The internet is now the medium that everyone wants a piece of. Whether it’s to find information at the touch of a button, open your business to the global market; buy almost anything you can think of or simply watch the latest pop video; more and more people are getting online and exploiting its benefits.
But with the increase in the use of the internet, there come the enviable increase in online fraud – with the millions of online hackers using more and more sophisticated means to obtain our personal information in a bid to steal our cash and our identities.
Imagine the security risks if you had your bank statement sent to you in a see-through envelope. Anyone who saw the envelope could see your bank account details as well as your name and address. A serious case of identity fraud could then ensue. Of course this doesn’t happen as letters are hidden by solid envelopes.
However, compared to the Royal Mail, the internet is a much more vulnerable communication platform due to the amount of savvy hackers who are just waiting in the wings to try and access your personal and sensitive information.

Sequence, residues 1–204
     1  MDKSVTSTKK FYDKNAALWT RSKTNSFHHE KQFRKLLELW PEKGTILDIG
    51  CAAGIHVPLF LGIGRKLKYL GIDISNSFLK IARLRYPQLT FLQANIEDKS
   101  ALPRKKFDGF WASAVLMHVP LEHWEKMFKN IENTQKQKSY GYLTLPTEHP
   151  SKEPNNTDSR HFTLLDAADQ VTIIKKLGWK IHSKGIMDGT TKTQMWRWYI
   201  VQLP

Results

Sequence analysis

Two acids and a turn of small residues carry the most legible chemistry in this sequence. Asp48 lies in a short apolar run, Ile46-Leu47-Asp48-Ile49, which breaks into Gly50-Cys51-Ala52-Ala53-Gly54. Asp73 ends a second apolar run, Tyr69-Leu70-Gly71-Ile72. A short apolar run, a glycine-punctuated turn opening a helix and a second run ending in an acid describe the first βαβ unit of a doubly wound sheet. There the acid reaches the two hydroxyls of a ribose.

So – what’s the answer? An SSL Certificate.
What is an SSL certificate? SSL is an acronym for Secure Sockets Layer and is a network protocol supported by all popular web browsers. SSL works by establishing a private communication channel when a user enters sensitive data into a website e.g credit card details. The information is then scrambled into a language which is impossible to decode. For SSL to work a SSL certificate issued by a Certification Authority such as Verisign or Rapid SSL must be installed on the relevant web server.
The secure process of SSL
When your request an SSL certificate from your chosen provide, you will be issued with a secret private key which needs to be kept securely on your website’s server. Once you receive your SSL certificate, it will also be installed on the web server by your webhosting company; effectively matching up the SSL certificate to the SSL key. Because the SSL key is only ever used by the web server, this process is a means of proving that the web server has permission to use the SSL certificate